Richard James Rivet was born in the remote area of Aklavik in the Northwest Territories of Canada in 1949. His early years were spent growing up in the delta in a Metis family which made their living by trapping, hunting and fishing. Of Metis background, Rivet's Indigenous roots, and his experience in growing up in Canada's North, have been important factors in his development as an artist. Since 1989, Rivet has worked fulltime on his artwork, mainly concentrating in acrylic painting, mixed media and collage on canvas, with some drawing. He now resides in Ontario.
Influences in his artwork are varied and derive from Shamanistic imagery of ancient peoples the world over (North American Indian, Inuit, Australian Aborigine, Norse, Oceanic, Siberian). Equally influential are Western and contemporary influences from various artists and art movements (such as: Edvard Munch, German Expressionism, Abstract Expressionism, Antoni Tapies, and Paterson Ewen, to name a few). His work involves combining and re-interpreting the iconography of various Indigenous peoples in a contemporary perspective. Earlier works challenged the history and mentality of colonialism while later works explore the journey of the human spirit. Rivet’s approach is introspective, involving the existential nature of being - the spiritual, the psychic and the physical aspects of human experience.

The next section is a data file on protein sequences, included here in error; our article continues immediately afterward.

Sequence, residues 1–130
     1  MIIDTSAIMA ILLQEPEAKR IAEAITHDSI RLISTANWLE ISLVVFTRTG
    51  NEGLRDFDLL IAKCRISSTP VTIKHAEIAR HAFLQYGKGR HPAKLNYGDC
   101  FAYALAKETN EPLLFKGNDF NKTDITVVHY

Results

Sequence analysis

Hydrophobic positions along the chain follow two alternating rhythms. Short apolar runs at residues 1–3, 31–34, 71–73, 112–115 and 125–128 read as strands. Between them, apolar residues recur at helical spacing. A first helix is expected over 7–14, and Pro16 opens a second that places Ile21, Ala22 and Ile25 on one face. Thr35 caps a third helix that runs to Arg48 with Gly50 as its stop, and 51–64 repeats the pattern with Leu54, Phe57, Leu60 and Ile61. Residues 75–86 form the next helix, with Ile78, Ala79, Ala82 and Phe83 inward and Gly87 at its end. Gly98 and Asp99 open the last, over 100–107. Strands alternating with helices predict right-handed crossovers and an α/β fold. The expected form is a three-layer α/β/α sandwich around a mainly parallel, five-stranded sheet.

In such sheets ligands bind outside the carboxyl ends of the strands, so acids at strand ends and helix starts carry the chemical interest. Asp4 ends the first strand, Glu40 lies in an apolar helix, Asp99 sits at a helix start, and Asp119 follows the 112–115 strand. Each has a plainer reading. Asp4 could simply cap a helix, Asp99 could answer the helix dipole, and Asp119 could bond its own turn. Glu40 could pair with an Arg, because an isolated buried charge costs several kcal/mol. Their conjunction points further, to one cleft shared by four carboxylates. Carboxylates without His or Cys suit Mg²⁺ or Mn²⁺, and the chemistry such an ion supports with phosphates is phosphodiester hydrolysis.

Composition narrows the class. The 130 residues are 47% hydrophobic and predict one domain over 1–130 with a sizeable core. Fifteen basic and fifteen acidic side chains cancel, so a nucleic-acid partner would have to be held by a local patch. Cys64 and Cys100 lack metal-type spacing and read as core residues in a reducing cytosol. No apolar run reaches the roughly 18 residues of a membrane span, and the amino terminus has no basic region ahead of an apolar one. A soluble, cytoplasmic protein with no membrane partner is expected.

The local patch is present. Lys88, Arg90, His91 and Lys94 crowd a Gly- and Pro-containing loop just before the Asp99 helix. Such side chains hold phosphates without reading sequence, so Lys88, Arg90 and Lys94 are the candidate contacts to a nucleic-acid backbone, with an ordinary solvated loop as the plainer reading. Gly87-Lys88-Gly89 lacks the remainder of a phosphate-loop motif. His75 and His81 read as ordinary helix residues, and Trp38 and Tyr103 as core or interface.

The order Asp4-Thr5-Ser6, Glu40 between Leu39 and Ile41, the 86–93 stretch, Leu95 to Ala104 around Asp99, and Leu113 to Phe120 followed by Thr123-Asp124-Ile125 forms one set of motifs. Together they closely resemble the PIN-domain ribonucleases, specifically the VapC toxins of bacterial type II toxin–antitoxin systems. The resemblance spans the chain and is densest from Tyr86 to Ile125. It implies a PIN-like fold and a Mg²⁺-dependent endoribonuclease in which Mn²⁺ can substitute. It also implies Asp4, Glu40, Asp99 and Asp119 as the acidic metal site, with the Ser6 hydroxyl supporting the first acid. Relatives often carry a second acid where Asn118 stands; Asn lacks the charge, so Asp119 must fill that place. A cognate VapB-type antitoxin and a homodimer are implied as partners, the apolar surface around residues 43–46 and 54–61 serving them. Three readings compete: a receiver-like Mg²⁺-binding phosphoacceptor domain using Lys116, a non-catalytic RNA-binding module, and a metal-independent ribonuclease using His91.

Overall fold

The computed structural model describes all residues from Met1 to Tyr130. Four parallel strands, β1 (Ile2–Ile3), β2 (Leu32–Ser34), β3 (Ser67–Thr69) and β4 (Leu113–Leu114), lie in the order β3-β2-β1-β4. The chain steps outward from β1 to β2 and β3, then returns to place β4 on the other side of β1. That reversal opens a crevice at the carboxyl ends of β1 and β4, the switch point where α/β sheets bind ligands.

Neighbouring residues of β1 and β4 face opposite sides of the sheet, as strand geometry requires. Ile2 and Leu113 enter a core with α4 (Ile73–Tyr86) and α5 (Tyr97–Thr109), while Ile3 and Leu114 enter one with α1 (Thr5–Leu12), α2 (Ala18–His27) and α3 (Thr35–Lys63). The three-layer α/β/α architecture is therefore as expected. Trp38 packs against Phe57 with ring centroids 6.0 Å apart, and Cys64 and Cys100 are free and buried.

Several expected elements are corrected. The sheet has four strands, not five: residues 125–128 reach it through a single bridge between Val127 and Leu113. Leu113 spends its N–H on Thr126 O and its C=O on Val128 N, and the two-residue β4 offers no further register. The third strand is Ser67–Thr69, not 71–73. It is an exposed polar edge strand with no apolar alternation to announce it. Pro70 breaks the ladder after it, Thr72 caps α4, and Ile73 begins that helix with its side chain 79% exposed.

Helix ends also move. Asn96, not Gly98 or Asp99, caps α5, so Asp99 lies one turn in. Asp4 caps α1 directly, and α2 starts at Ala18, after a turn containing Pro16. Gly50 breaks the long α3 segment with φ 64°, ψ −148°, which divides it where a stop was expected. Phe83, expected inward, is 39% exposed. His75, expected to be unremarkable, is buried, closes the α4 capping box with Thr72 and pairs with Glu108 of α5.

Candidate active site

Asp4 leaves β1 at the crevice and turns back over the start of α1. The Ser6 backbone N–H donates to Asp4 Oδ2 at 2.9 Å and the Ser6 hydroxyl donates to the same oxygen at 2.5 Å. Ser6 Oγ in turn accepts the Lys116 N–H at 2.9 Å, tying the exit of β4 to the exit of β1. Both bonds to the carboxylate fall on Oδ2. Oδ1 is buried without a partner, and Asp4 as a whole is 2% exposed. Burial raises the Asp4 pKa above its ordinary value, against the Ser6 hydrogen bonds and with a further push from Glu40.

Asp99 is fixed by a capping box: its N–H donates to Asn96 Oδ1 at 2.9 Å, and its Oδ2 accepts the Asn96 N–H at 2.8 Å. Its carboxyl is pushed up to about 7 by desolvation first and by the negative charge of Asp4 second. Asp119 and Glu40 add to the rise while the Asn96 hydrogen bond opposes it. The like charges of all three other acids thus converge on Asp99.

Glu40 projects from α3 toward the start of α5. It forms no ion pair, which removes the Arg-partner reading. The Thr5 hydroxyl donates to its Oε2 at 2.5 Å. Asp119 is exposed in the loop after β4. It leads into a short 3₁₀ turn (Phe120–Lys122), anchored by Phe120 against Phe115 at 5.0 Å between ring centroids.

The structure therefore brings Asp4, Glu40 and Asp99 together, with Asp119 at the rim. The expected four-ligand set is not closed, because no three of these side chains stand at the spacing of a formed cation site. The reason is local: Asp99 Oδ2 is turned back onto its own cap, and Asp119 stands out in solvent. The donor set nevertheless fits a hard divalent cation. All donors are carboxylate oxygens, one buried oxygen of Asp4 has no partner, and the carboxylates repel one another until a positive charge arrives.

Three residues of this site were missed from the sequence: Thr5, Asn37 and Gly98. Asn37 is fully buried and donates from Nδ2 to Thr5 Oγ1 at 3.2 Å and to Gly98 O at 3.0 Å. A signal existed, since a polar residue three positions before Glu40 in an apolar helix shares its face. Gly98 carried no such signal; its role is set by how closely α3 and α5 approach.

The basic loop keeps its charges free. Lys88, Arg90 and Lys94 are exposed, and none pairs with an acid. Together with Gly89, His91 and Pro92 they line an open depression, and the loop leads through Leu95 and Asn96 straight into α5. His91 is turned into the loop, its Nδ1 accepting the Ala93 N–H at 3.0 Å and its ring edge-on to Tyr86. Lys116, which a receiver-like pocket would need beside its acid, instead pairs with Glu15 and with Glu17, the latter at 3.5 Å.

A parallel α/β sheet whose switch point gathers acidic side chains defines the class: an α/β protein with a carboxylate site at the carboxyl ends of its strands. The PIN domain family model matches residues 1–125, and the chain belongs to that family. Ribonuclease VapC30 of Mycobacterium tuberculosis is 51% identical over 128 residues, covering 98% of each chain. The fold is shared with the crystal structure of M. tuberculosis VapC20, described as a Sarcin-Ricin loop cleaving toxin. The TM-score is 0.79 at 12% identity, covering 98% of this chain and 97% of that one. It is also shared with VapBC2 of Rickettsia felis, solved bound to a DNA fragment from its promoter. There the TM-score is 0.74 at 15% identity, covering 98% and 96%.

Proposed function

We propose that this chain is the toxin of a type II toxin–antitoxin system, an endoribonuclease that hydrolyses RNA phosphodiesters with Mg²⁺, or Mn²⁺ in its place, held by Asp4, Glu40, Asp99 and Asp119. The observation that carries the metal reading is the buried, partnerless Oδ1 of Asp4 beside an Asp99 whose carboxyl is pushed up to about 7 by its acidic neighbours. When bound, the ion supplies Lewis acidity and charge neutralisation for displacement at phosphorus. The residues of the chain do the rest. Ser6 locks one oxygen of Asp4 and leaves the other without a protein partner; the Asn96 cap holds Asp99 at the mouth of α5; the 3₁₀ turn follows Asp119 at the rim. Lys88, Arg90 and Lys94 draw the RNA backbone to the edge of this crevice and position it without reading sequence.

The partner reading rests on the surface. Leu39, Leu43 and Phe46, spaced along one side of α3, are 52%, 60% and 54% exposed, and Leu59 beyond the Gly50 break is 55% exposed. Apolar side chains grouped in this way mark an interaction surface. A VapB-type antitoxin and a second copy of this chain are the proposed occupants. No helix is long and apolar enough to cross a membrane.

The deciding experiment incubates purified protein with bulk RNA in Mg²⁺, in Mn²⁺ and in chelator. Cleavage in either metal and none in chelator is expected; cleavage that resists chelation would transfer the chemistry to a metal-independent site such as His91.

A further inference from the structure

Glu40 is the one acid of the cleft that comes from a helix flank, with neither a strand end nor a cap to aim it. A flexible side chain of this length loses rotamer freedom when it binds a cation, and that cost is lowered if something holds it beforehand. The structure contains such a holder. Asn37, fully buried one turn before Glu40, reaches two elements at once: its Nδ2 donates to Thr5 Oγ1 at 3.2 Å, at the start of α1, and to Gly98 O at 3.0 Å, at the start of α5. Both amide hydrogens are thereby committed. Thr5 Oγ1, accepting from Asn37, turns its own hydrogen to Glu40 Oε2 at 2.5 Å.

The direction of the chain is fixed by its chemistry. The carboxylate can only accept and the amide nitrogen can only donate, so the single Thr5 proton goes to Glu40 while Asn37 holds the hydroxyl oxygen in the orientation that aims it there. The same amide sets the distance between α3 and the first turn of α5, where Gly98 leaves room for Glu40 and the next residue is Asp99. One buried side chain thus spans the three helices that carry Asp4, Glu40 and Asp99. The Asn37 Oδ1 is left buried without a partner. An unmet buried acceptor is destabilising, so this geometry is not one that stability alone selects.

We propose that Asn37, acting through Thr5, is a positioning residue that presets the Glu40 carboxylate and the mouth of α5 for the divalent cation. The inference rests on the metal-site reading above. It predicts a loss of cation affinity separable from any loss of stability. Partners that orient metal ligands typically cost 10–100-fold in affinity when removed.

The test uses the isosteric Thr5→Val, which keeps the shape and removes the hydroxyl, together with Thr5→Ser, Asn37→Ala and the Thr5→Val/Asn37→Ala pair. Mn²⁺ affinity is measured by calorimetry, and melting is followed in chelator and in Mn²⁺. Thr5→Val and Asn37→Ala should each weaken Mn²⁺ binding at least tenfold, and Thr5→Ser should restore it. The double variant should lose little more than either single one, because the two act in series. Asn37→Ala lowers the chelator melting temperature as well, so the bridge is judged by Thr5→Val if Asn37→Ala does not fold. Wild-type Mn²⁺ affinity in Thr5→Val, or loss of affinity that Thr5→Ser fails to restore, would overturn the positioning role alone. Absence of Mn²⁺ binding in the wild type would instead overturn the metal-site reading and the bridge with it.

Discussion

Rivet has four degrees from three universities. In addition to receiving a Master's degree in Fine Arts from the University of Saskatchewan, Rick has been the recipient of over twenty awards, scholarships and bursaries, including a Fellowship from the Eiteljorg Museum in Indianapolis, and the Andy Warhol Foundation Fellowship Residency Program for the Heard Museum in Phoenix Arizona. His art is exhibited nationally and internationally. The prestigious IAIA Museum of Contemporary Native Arts exhibited a survey collection, 'Rick Rivet: Journeys, Mounds and the Metaphysical', which spanned 30 years of the artists' career.